Dr. Timothy Henkel

Dr. T. P. Henkel

Contact Information

Phone: 229-249-4941

Email: Timothy P. Henkel, Ph.D.

Office: Bailey Science Center, Room 2212

Other Website:  Enter Here


Ph.D. Marine Biology, University of North Carolina Wilmington, 2008

M.S. Marine Biology, University of North Carolina Wilmington, 2002

B.S. Biology, Rutgers, the State University of New Jersey, 1999

East-West Marine Biology Program, Northeastern University, 1997-1998

Courses Taught at VSU

  • BIOL 1010 – Evolution and Diversity
  • BIOL 1030 – Organismal Biology

Research Interests

My research program uses a variety of field and lab techniques to examine competition, predation, and facilitation under ecologically relevant conditions. Working primarily with marine invertebrates on Caribbean coral reefs, I am interested in the biotic and abiotic factors that structure marine communities.  As part of my research, I investigate species-specific interactions in the marine environment.  Such interactions have long been recognized as important means of speciation in terrestrial systems.  Examination of species-specific interactions can provide insight into the evolutionary forces that drive speciation in marine systems. 

I am also interested in undergraduate science education, and have worked with the NSF funded FIRST IV professional development project.  Current research interests include the use of technology and quantitative reasoning in the classroom as tools for understanding and conveying complex biological processes.


  • Derting, T., K.S. Williams, J.L. Momsen, Henkel, T.P. 2011. Education Research: Set a High Bar. Science. 333 (6047):1220-1221.
  • Henkel, T.P. and Pawlik, J.R. 2011. Host specialization of an obligate sponge-dwelling brittlestar. Aquatic Biology. 12:37-46.
  • Henkel, T.P. 2010. Coral Reefs.  Nature Education Knowledge. 1(11):5.
  • López-Legentil, S., Erwin, P.M., Henkel, T.P., Loh, T.-L., Pawlik, J.R. 2009. Phenotypic plasticity in the sponge Callyspongia vaginalis (Porifera; Haplosclerida): morphological and molecular data. Scientia Marina, 74: 445-453.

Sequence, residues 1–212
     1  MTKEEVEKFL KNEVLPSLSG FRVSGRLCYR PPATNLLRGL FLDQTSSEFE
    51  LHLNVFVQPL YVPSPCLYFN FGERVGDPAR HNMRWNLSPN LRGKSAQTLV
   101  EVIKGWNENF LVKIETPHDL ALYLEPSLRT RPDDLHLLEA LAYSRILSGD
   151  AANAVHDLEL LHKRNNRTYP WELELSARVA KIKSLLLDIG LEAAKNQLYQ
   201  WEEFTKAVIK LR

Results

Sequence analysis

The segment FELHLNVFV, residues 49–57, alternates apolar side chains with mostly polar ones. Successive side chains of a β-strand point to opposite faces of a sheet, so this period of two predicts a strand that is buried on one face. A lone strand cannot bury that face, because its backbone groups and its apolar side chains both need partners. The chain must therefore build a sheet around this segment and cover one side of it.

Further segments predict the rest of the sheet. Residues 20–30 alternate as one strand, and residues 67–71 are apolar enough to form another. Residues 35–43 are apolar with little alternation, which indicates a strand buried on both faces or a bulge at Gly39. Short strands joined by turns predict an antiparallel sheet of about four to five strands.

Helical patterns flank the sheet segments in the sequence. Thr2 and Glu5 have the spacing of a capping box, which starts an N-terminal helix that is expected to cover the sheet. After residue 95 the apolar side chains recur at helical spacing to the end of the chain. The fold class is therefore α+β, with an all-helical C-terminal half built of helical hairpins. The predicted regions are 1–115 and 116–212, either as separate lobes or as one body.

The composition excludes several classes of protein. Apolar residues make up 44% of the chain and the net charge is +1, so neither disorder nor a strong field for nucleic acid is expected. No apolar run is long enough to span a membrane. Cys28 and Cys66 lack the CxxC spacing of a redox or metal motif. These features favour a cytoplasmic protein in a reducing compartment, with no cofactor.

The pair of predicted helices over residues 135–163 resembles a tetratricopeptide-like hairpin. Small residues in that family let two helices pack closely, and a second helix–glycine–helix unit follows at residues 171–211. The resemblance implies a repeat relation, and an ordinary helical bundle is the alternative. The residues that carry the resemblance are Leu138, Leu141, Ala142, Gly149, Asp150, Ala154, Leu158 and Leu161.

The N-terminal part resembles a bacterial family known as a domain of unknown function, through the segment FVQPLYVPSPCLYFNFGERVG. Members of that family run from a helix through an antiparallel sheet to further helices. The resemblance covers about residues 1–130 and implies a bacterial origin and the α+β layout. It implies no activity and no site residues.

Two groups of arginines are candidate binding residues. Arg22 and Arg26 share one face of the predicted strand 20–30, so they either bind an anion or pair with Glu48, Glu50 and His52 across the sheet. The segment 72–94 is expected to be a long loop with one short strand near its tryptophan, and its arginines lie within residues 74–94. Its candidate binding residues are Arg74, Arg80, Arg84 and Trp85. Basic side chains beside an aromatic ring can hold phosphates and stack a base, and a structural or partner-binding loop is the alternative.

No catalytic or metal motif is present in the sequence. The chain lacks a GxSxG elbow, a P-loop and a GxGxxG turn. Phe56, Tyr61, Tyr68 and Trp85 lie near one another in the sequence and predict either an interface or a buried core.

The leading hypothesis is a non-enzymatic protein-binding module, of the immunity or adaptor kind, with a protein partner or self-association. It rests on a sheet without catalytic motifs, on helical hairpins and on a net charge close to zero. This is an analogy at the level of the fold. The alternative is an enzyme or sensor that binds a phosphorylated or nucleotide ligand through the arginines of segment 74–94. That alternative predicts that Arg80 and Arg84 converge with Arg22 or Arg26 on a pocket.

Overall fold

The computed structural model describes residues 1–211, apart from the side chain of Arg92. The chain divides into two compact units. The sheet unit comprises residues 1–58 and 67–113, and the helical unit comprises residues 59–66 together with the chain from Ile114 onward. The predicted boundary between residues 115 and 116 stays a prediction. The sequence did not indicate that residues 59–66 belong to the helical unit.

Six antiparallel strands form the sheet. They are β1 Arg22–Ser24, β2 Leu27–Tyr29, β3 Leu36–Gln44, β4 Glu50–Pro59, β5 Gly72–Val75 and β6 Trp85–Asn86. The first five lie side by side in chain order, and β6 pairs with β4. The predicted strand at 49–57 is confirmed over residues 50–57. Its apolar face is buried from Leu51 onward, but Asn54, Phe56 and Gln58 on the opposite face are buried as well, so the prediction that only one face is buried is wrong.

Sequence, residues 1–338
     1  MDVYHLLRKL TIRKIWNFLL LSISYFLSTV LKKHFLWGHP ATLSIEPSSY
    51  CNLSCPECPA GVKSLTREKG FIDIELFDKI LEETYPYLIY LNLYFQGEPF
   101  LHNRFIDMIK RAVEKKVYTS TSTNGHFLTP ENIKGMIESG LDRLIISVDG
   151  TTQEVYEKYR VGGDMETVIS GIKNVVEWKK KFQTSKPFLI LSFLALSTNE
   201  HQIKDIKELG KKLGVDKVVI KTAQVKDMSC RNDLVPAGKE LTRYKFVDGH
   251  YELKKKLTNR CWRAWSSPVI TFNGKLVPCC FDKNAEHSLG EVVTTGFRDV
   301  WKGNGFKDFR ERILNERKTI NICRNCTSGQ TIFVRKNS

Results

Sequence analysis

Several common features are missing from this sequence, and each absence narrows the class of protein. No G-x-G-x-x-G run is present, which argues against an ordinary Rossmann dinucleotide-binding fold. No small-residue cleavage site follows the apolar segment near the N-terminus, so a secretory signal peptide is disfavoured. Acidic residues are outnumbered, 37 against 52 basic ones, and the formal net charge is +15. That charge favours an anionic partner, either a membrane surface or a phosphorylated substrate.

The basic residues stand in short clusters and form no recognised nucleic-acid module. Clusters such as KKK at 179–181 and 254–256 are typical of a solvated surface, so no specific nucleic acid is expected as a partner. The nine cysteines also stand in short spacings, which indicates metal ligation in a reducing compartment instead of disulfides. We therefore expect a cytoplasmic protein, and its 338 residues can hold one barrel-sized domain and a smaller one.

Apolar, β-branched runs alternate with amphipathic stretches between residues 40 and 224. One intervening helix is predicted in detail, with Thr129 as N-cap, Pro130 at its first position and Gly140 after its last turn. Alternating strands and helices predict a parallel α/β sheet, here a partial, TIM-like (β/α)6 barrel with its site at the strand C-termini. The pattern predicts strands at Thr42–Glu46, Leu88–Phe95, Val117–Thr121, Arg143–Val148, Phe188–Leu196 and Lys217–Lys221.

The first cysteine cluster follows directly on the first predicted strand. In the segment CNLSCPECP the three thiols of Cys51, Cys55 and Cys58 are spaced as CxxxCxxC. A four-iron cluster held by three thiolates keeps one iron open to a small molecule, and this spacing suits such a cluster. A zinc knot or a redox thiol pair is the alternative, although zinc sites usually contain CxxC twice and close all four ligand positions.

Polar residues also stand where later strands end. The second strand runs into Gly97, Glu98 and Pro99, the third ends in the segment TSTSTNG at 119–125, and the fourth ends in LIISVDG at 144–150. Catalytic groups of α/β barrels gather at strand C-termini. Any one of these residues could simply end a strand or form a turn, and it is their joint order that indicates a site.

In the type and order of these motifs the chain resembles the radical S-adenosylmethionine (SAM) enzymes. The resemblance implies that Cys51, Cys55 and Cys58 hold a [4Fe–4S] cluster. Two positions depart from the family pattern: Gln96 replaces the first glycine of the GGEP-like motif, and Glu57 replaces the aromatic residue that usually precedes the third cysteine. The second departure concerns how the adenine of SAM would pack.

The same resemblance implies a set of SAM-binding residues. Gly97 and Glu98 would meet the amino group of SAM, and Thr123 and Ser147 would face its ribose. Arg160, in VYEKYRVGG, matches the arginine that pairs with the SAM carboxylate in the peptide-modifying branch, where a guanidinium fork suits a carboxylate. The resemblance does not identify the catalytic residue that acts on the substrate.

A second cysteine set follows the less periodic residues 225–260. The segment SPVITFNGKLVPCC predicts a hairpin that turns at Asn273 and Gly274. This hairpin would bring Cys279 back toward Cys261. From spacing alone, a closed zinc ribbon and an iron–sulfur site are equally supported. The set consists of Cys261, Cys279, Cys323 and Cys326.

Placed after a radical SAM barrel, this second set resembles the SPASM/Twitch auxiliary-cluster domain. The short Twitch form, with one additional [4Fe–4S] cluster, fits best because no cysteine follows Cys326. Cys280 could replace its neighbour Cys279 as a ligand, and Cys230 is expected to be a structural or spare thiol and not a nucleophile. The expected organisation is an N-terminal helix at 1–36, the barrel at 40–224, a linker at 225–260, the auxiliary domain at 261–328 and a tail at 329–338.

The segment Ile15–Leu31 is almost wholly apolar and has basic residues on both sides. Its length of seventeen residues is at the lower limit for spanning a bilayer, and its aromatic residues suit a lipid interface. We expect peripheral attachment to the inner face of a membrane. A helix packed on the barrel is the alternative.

• McMurray S.E., Henkel, T.P., Pawlik, J.R. 2009. Demographics of increasing populations of the giant barrel sponge Xestospongia muta in the Florida Keys. Ecology, 91:560-570.
  • Zea, S., Henkel, T.P., and Pawlik, J.R.  2009.  The Sponge Guide: a picture guide to Caribbean sponges. Available online at http://www.spongeguide.org.
  • Pawlik, J.R., Henkel, T.P., McMurray, S.E., López-Legentil, S., Loh, T.-L., Rohde, S. 2008.  Patterns of sponge growth and recruitment on a shipwreck corroborate chemical defense resource trade-off. Marine Ecology Progress Series, 368:137-143.
  • Meredith, T.L., Cowart, J.D., Henkel, T.P., Pawlik, J.R. 2007. The polychaete Cirriformia punctata is chemically defended against generalist coral reef predators.  Journal of Experimental Marine Biology and Ecology, 353: 198-202.
  • Pawlik, J.R., McMurray, S.E. and Henkel, T.P. 2007. Abiotic factors control sponge ecology in Florida mangroves. Marine Ecology Progress Series, 339: 93-98.
  • Pawlik, J.R., Steindler, L., Henkel, T.P., Beer, S., and Ilan, M. 2007. Chemical warfare on coral reefs: sponge metabolites differentially affect coral symbiosis in situ. Limnology and Oceanography, 52: 907-911.
  • Cowart, J.D., Henkel, T.P., McMurray, S.E., and Pawlik, J.R. 2006. Sponge orange band (SOB): a pathogenic-like condition of the giant barrel sponge, Xestospongia muta. Coral Reefs, 25: 513.
  • Henkel, T.P. and Pawlik, J.R. 2005. Habitat use by sponge-dwelling brittlestars. Marine Biology, 146: 301-313.
  • Kelly, S.R., Jensen, P.R., Henkel, T.P. and Pawlik, J.R. 2003. Effects of Caribbean sponge extracts on bacterial attachment. Aquatic Microbial Ecology, 31:175-182.
  • Kubanek, J., Whalen, K.E., Engel, S., Kelly, S.R., Henkel, T.P., and Pawlik, J.R. 2002.  Multiple defensive roles for triterpene glycosides from two Caribbean sponges.  Oecologia, 131: 125-136.